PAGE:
The model is a 1/48 scale Bandai kit that I picked up on eBay. It was obviously a second hand kit as it had already been started, but what the original owner had done was glue both the inner and outer road wheels on all the odd numbered axles before realizing their mistake. I contacted the seller about the problem, who refunded my money without wanting me to send the kit back. It languished for many years in my pile of unfinished projects until I thought that a repair was possible. I used a fine saw blade to cut off all the outer wheels from the odd numbered axles. Now all the inner wheels could glued onto the even numbered axles. I drilled holes into the axles and the back of the wheels I had removed with a pin vice to take a short piece of florist wire to provide strength to the joint when I glued them back in place with a little bit of epoxy putty to fill the slight gap. Once all that was done, the rest of the kit was assembled as per the instructions.

Prior to this, I had already acquired a Solido 1/50 diecast Tiger I in grey. It is visible in the background of the pics below, but not part of the submission. Other than a bit of tweaking, new decals, and adding a muzzle break, the Solido model is as I bought it. Since it was already painted in Panzer grey, I wanted to use the same paint scheme with the Bandai model to make them part of the same unit. After priming it with black, I used AK Interactive acrylic 704 Dunkelgrau, and then drybrushed the raised areas and corners with a lighter grey. Special parts like the tools and tow cables were painted appropriate colours, and a few parts got either a black or a dark brown wash. Once the tracks were on, I hit the lower areas with AK Splattereffects Dry Mud.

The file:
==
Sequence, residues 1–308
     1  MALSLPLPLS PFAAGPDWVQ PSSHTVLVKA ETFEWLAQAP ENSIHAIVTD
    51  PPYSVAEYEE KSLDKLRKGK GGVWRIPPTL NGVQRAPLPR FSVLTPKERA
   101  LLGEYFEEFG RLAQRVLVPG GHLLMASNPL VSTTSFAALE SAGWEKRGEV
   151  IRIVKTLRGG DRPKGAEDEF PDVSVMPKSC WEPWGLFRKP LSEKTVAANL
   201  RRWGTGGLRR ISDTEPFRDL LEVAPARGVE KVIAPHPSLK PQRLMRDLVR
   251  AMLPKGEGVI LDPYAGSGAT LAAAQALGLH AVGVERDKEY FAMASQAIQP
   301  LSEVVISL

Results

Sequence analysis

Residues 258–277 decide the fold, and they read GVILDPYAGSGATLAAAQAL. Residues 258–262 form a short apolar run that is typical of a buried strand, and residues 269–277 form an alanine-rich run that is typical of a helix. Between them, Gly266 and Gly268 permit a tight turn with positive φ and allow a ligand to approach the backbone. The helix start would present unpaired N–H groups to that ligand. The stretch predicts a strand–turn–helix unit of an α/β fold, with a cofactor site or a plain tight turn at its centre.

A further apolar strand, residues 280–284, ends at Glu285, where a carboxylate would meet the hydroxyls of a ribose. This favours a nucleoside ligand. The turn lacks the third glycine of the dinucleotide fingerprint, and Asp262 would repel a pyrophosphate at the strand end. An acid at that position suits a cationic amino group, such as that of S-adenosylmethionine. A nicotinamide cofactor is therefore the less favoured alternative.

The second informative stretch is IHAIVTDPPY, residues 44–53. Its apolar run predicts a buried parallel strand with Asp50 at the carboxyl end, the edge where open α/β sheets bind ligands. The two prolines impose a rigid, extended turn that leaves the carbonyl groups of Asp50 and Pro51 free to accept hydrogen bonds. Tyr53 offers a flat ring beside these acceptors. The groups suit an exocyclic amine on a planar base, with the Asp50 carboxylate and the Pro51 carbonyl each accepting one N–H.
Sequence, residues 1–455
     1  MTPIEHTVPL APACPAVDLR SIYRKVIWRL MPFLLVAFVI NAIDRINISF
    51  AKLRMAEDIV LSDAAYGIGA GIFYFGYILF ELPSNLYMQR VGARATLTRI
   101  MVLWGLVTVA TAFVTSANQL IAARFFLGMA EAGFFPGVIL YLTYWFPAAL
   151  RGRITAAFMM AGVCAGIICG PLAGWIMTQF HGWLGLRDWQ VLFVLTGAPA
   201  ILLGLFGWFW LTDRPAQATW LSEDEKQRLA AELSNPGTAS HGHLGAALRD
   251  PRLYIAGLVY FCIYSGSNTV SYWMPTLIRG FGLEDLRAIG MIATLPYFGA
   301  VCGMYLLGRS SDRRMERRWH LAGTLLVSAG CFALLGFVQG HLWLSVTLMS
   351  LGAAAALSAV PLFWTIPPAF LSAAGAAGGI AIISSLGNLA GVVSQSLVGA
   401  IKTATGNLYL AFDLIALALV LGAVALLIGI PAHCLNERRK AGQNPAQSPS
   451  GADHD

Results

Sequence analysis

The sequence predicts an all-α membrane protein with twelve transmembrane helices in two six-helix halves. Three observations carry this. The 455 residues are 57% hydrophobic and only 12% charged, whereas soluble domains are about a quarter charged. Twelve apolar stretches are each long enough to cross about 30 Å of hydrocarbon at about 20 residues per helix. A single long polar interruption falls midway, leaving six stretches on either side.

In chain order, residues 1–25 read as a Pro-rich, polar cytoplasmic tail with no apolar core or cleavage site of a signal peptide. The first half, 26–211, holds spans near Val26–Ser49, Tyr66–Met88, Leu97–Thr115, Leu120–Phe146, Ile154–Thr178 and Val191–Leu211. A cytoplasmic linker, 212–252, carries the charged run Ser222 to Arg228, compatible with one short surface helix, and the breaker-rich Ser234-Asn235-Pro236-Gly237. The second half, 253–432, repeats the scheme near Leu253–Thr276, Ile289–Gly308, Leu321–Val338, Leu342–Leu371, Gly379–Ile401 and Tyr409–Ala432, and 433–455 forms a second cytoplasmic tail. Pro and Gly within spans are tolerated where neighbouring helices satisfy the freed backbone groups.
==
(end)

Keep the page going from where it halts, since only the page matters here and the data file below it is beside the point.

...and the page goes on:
Thanks for reading.

Challenge Submission #2 Early WW2 Polish Reinforcements

I started painting an early WW2 Polish army two years ago, and wanted to flesh it out with a few more support weapons and vehicles. For this submission I have completed a Polish 10th Motorized Brigade Squad, a Polish Army Medium Motor Team, a boxed set of Polish Army Marksman, Anti-Tank Rifle, and Light Mortar teams, and a Polish Vickers E 6 ton Tank, all from Warlord Games. All are 28mm or 1/56 scale with the foot figures cast in metal and the Vickers 6-ton cast in resin. The armoured car is actually a 1/48 scale plastic model of a Soviet FAI-M light armoured car by Ace Models, a company out of Kyiv, that I picked up from a local hobby store. I painted it in Polish camouflage to stand in as a proxy for a Samochód pancerny wz. 34 light armoured car. As with the Polish Army miniatures I had already done, these were painted using Vallejo acrylics and then treated with Army Painter Strong Tone Quick Shade.

Polish armoured car and Vickers E 6-ton tank

Polish Army Mediuim Mortar Team

Polish Army Marksman, Anti-Tank, and Light Mortar Teams. The bases for the prone anti-tank rifleman, and the light mortar are cut from recycled plastic gift cards.

Polish 10th Motorized Brigade Squad consisting of a squad leader in the unit's distinctive black leather jackets, a BAR gunner, and eight riflemen. When the brigade was formed, the men were equipped with WW1 vintage German and Austro-Hungarian helmets.

 Thanks for reading.